How to Frame Climate Change to the Tea Party?

by Shannon Arvizu on September 9, 2011 · 0 comments

in Framing in the Field

While this may come as not much of a surprise, a new study by the Yale Project on Climate Change Communication finds that the 12% of voters who identify as members of the Tea Party mostly dismiss global warming.

The report entitled,  ”Politics & Global Warming: Democrats, Republicans, Independents, and the Tea Party,” reports how members of each political party respond to the issue of global warming. Some of the highlights of the report include:

  • Majorities of Democrats (78%), Independents (71%) and Republicans (53%) believe that global warming is happening. By contrast, only 34 percent of Tea Party members believe global warming is happening.
  • While 62 percent of Democrats say that global warming is caused mostly by human activities, most Tea Party members say it is either naturally caused (50%) or isn’t happening at all (21%).
  • Tea Party members are much more likely to say that they are “very well informed” about global warming than the other groups. Likewise, they are also much more likely to say they “do not need any more information” about global warming to make up their mind.

How should climate change advocates interpret the information of this report? Is there a way to more effectively build support for climate change solutions among the minority of voters who identify as Tea Party members and climate skeptics?

The FrameWorks Institute is working with advocates and aquarium interpreters on how to reframe climate change to build a stronger base of public support for solutions. To build support among climate change deniers, it is important to start the conversation by invoking the values that these groups embody. By starting the conversation with a commonly-held value (rather than unframed information), advocates can gain more communicative traction on this issue.
Prosperity: Tea Party members value economic prosperity. A recent Nature article about organizations that promote climate skepticism, such as the Heartland Institute, shows that skeptics are most often concerned about the economic costs of implementing climate change solutions. By talking about clean technology solutions to climate change in a way that illustrates the benefits to our domestic economy, advocates can more effectively engage these groups in a constructive assessment of the situation.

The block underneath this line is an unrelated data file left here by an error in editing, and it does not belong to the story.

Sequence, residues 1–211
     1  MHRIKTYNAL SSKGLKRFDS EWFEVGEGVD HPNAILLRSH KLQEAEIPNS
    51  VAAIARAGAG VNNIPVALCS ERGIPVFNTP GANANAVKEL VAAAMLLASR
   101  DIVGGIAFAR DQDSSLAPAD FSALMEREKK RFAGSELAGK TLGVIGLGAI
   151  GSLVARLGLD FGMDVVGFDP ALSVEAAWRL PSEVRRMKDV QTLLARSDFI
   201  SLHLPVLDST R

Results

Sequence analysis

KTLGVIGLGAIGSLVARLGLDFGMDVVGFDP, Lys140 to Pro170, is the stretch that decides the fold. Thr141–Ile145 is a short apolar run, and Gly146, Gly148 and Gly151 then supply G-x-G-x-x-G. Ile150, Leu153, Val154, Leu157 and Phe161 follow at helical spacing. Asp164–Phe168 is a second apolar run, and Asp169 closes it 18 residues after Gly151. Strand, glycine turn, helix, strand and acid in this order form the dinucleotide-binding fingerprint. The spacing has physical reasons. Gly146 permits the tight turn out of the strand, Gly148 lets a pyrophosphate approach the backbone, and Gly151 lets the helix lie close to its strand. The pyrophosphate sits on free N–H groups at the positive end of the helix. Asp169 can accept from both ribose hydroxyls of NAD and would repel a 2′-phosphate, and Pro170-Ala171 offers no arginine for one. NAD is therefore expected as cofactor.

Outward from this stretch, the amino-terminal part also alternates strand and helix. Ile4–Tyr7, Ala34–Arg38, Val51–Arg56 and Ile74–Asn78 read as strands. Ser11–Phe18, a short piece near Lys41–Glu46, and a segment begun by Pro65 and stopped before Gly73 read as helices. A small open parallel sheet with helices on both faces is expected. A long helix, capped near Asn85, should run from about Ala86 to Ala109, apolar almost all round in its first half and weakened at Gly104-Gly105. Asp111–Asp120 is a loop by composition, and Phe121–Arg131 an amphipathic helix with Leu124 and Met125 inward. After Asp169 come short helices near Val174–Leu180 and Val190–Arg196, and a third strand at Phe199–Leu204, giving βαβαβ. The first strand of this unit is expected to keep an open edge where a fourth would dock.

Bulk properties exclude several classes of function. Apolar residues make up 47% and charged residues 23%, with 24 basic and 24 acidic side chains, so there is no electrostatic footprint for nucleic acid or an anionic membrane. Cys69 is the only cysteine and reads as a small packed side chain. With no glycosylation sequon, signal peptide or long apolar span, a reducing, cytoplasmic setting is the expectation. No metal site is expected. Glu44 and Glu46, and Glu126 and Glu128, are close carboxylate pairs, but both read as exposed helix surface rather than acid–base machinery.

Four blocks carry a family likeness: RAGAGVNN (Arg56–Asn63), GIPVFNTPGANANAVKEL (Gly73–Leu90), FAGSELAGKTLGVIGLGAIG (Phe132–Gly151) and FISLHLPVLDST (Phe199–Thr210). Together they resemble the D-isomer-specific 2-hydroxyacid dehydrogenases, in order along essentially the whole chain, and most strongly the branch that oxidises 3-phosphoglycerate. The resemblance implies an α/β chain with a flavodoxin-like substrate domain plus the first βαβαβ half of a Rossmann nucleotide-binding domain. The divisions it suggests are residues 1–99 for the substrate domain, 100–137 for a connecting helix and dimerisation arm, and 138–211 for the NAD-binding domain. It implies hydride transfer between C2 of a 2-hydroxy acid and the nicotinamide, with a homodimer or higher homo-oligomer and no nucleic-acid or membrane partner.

Stewardship: Framing global warming in terms of stewardship for future generations can also be an effective reframing approach. The Yale report mentions that Tea Party members are more likely to be evangelical Christian, and thus, integrating values of Christian stewardship for the planet and for future generations can be a stronger starting point that can lead to productive conversations on climate change solutions.
Solutions: What is interesting about this report is that the majority of all four parties expressed support for specific climate solutions, such as research funding for renewable energy and providing tax rebates for purchases of solar panels and energy efficient vehicles. Rather than frame the conversation around “whether” global warming is real, what this study illustrates is that focusing on pragmatic solutions in our communications can be a much better approach to engage these groups.
What other examples of reframing climate change to skeptics have you seen? What other communication strategies may prove more effective in engaging Tea Party members on this issue? 

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